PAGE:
Klopp's Squad Changes Analysed - What a Difference a Year Makes
It’s flown by hasn’t it? Klopp’s appointment as Liverpool manager doesn’t seem like it was a year ago. Everything about him at the club still feels fresh and new but at the same time it feels like he’s part of the furniture. It’s testament to the man that he’s managed to come in and change so much in such a short space of time. It’s genuinely scary to think that if history repeats itself Klopp will only be here, at Anfield, for another six years.
To celebrate the German’s anniversary I’ve decided to have a look back at what’s changed with regards to personnel at the club since his appointment.
Klopp took over a squad with a lot of potential but no recognisable style or identity. The recruitment team went about identifying and signing players with profiles to excel in a particular type of system whereas Rodgers was playing a completely different style. I doubt for one moment Danny Ings and Roberto Firmino thought they would be playing as wing-backs at Old Trafford but that’s exactly what happened.
The team was underperforming but how much of that was down to the players being mismanaged? It was up to Klopp to find out.
The German used his first season as a long auditioning process for the players already at the club. It was a way to see whether they had what it takes to fit into a Klopp system, or whether there was enough potential and ability to coach for Klopp to keep them around.
The teething process wasn’t a comfortable experience. For starters Martin Skrtel continued to feature. Then we had to witness the likes of James Milner and Lucas fill in at centre-midfield simply because there were no other alternatives.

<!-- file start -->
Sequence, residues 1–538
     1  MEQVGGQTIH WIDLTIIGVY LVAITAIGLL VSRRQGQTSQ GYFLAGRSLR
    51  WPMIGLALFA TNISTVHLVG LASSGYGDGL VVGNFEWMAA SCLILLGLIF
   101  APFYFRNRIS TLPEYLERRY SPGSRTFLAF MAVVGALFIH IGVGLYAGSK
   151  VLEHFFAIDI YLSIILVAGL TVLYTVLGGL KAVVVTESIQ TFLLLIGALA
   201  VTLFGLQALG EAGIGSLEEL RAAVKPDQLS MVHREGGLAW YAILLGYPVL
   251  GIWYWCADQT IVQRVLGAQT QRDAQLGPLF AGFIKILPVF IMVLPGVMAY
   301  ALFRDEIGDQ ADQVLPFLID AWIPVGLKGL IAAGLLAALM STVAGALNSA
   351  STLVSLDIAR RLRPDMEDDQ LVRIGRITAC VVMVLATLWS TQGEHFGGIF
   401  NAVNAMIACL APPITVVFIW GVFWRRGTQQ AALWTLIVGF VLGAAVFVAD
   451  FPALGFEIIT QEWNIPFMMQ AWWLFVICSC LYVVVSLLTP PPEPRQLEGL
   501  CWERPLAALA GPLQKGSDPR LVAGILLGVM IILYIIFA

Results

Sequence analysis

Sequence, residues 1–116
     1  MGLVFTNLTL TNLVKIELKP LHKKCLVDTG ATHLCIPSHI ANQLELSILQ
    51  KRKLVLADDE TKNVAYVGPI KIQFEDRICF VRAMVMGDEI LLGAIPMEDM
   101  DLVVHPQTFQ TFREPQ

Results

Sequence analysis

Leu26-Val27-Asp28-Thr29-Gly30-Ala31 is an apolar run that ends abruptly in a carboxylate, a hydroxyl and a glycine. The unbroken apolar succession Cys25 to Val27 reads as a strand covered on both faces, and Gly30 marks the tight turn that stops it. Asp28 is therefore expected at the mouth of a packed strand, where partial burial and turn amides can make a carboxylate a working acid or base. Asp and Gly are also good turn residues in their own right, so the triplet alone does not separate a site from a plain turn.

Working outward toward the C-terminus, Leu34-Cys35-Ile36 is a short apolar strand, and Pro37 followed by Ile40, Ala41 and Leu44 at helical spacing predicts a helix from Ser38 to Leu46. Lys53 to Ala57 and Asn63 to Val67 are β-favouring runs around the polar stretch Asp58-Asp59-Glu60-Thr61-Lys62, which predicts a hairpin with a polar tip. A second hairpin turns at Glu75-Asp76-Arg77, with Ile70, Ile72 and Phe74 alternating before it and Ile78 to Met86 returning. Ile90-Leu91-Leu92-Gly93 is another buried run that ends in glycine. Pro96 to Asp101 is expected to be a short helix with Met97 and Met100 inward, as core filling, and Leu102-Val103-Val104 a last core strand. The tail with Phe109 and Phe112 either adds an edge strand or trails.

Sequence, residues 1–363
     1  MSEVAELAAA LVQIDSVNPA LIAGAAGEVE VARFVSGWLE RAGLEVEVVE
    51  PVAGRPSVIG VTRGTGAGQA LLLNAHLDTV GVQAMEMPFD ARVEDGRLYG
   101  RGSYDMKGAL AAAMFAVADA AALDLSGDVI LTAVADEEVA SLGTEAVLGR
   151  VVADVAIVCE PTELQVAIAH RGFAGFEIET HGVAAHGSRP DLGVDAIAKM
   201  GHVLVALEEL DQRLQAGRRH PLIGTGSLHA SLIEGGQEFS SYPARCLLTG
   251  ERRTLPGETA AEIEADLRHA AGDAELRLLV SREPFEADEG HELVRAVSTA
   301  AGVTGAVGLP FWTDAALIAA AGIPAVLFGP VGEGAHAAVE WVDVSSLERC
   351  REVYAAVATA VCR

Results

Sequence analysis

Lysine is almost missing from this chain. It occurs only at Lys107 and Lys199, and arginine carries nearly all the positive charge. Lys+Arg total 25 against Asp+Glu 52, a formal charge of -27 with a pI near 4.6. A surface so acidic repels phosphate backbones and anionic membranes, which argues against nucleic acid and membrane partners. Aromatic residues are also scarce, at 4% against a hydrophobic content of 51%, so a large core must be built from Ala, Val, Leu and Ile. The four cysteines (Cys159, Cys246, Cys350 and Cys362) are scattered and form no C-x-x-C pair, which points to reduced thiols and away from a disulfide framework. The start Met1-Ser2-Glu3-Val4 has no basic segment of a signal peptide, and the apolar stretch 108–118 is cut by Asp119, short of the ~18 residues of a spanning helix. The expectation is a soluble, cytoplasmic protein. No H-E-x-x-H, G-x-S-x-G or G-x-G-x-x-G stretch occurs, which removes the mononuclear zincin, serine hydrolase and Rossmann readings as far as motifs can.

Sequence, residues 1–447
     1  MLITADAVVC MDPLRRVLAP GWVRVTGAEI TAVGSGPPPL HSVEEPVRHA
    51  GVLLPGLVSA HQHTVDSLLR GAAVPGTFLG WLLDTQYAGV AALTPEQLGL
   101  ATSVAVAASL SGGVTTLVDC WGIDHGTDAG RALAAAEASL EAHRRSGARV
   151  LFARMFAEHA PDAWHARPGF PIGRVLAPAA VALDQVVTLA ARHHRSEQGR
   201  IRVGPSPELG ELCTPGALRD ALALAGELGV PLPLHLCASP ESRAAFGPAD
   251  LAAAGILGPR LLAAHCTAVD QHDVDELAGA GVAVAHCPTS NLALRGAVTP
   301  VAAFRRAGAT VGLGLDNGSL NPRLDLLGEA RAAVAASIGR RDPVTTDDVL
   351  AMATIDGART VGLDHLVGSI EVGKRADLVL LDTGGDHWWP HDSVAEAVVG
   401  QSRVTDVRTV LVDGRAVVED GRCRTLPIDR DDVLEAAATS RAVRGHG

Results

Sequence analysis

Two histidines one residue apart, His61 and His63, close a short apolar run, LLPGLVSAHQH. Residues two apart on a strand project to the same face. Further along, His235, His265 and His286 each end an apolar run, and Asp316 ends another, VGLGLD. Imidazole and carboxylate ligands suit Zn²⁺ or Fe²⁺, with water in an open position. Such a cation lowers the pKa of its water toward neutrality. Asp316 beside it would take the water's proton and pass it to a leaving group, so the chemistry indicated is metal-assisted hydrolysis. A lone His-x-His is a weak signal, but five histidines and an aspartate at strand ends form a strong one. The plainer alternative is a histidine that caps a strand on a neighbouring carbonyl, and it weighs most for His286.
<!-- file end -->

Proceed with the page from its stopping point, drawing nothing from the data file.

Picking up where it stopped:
But unlike his predecessor Klopp got the team playing with a clear style. These weren’t his first choice players by a long shot but Klopp pieced together a functional and fluid side. Liverpool were once again playing football. His side hit seven past Man City and Chelsea. This the same group of players who months earlier scored just four goals in five games against Stoke City, Bournemouth, West Ham, Norwich and Everton.
The summer transfer window happened and Liverpool fans were finally able to see how Klopp intended to shape his squad.
Klopp used his first summer transfer window as a way to offload the players who didn’t fit the system.
Benteke’s lack of movement, pace and work rate meant he just didn’t have a place in the squad. The Reds didn’t often opt for the ‘plan B’ route so keeping the Belgian around when clubs were prepared to pay £30 million for him made little sense.
Jordon Ibe is a player with potential to fulfil but who would need minutes and if he’d stayed with Liverpool it’s unlikely he would have played enough to really develop. His end product was lacking and he was a player who excelled in space, something Liverpool sides didn’t have an abundance of when teams came to Anfield to park the bus. He was a piece of the puzzle that just didn’t fit.